Kumaon, is an awesome natural splendor, it can be called as a jewel of the most beautiful Himalayan mountain necklace.
“As you sit on the hillside, or lie prone under the trees of the forest, or sprawl wet-legged by a mountain stream, the great door, that does not look like a door, opens.” ~Stephen Graham
Kumaon, is an awesome natural splendor, it can be called as a jewel of the most beautiful Himalayan mountain necklace. Kumaon, Range extends from the northern end of the Ganga plains right upto Tibet. Kumaon’s endless scenic wonders is nothing short of a romance with pristine and soul-lifting nature itself.
It is believed that the word “Kumaon” is derived from “Kurmanchal“, which means the land of Kurmavatar (the tortoise incarnation of Lord Vishnu, Preserver of the Hindu Trinity).
In its range of natural beauty, Kumaon can be likened to a techni-colour dreamcoat; rosette dawns and dusks, azure skies, opaline lakes, fields of yellowing corn, alternated by deep green potato beds, blue ribbons of meandering rivers, eye-catching pink and red rhododendrons, snow-white summits and birds of vivid plumage.
Well-connected to different parts of the country, Kumaon hills are a treasure-house for the tourists, trekkers and pilgrims alike.
It has the serene and peaceful Tibet towards its northern side, on the east is the beautiful Nepal, Uttar Pradesh lies towards the south and on the west, lays the Garhwal region. The Kumaonis, as the people of the region are called, are well known for their bravery and martial skills. The Kumaon Regiment, one of the best regiments of the Indian Army, calls Kumaon its home. Haldwani, Nainital, Rudrapur, Almora, Pithoragarh, Mukteshwar and Ranikhet are among the most important towns of the region.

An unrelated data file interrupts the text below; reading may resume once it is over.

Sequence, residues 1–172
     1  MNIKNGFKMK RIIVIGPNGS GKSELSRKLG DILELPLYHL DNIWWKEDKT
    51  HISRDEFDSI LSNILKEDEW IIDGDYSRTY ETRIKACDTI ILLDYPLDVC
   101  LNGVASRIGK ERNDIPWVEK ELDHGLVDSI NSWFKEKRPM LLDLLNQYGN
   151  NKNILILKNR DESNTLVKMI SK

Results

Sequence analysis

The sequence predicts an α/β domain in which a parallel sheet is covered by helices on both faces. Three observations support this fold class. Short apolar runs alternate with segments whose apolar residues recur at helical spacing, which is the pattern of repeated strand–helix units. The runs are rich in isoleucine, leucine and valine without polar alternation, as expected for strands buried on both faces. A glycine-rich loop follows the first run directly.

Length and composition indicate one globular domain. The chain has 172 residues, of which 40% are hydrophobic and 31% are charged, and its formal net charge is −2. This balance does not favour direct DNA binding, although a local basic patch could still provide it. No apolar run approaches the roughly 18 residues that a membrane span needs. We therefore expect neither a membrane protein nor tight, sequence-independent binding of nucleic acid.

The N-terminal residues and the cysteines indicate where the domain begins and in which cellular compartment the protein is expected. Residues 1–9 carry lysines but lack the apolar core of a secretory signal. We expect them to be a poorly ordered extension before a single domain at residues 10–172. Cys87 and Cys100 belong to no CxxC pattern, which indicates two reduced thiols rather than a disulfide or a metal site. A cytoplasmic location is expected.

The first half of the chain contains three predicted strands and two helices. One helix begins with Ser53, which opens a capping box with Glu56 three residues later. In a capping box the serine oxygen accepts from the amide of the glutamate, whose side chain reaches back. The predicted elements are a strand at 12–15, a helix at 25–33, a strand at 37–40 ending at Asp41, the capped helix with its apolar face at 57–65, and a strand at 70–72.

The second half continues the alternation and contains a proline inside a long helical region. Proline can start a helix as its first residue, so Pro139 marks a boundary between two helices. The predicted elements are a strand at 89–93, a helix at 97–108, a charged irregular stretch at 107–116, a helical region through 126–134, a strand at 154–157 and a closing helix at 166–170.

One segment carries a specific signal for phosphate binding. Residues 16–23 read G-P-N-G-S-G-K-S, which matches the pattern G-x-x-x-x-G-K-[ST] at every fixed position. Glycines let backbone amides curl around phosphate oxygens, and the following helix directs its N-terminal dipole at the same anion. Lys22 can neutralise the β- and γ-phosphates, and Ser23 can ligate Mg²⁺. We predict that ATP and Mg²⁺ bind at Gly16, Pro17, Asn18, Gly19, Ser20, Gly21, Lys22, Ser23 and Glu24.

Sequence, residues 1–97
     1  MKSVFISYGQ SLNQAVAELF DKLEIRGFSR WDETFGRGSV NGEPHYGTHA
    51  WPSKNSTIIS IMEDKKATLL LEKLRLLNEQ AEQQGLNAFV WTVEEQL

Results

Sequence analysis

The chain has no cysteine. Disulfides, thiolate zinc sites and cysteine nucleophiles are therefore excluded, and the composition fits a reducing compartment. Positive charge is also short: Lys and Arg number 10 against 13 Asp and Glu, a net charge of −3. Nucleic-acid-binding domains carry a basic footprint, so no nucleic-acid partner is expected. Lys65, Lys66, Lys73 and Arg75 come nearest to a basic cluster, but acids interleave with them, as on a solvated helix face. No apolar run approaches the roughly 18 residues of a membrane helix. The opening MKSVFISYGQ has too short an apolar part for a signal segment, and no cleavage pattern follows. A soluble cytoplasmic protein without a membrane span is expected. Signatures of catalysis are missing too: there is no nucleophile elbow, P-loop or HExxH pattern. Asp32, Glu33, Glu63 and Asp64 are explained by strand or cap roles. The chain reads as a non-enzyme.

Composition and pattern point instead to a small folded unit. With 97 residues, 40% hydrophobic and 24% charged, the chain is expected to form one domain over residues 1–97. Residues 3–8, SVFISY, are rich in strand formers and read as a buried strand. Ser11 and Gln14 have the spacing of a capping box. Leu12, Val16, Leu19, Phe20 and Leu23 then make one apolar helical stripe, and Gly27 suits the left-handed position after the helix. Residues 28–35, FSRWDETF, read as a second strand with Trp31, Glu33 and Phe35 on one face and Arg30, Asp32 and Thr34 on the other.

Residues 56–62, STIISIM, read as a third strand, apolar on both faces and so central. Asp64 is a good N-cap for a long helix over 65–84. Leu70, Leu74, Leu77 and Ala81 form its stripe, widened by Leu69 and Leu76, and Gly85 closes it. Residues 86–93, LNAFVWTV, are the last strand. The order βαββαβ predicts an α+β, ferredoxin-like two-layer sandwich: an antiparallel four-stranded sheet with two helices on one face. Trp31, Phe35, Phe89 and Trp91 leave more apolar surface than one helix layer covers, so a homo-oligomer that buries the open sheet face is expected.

Geography and the Landscape
Apart from the vast Himalayan tract, the region has two sub-mountain strips called the Terai and the Bhabhar. Up till the1850`s, the sub-mountain strips had an almost impenetrable forest that provided shelter to a large number of wild animals; but after that, the numerous clearings of trees made the area accessible and cultivable. Since then, the strips, having rich and fertile soil, attract a large number of people from the hills who cultivate the rich soil during the hot as well as the cold season and return to the hills during rains.
As for the rest of Kumaon, it is a maze of mountains, all a part of the Great Himalayas, some of which are among the loftiest known. Dotting the landscape, which is only 225 kms. in terms of length and a mere 65 kms. in breadth, are over thirty peaks rising to staggering heights of 5500 m. or more. Among the rivers rising chiefly in the southern slope of the Tibetan watershed, lying to the north of the loftiest peaks, are the Gori, Dhauli and Kali. The rivers flow through the extraordinarily deep and strikingly beautiful valleys and gorges of the Kumaon hills. The main rivers are the Sharda (Kali), the Pindari and Kailganga, whose waters join the Alaknanda. The river Sharda (Kali) also acts as the international boundary between India and Nepal. The route currently used to make the holy pilgrimage to the Kailash-Mansarovar, goes along this river, crossing into Tibet at Lipu Lekh pass.
Flora and Fauna
The Chir Pine, the Himalayan Cypress, the Pindrow Fir, Alder, Sal (or iron-wood), and Saindan are the main varieties of trees growing in the region. As far as the geological formations are concerned, Limestone, Sandstone, Slate, Gneiss and Granite are the principal ones. The area has a number of mines of Iron, Copper, Gypsum, Lead and Asbestos, but almost all of them are under-utilized.
The climate is mild except in the regions of the sub-mountain strips of Tarai and Bhabhar and the deep valleys. The amount of rainfall received by the outer Himalayan range is almost twice that of the central hills as the outer Himalayas are the first ones to be hit by the monsoons. The precipitation is normally in the average proportion of 2000 mm to 1000 mm. Winter season without snowfall is almost unheard of in the higher ridges and in some years, the snowfall is spread throughout the whole of the mountain tract. Severe frosts are witnessed often, especially in the valleys.